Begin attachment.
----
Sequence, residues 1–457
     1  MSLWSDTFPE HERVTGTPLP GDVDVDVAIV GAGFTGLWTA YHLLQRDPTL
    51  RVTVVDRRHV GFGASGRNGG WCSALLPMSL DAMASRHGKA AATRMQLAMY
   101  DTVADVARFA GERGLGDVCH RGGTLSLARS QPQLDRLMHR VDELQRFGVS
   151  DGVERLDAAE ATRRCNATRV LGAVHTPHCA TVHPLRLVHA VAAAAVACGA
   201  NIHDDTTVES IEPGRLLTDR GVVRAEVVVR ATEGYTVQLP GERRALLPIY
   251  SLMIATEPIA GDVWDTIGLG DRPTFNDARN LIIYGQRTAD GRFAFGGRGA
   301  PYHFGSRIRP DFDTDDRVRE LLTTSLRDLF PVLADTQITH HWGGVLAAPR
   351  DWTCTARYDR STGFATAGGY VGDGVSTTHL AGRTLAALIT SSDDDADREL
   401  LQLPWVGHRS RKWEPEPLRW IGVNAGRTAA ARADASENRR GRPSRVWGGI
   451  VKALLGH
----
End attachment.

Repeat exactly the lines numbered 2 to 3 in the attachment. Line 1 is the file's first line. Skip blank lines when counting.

     1  MSLWSDTFPE HERVTGTPLP GDVDVDVAIV GAGFTGLWTA YHLLQRDPTL
    51  RVTVVDRRHV GFGASGRNGG WCSALLPMSL DAMASRHGKA AATRMQLAMY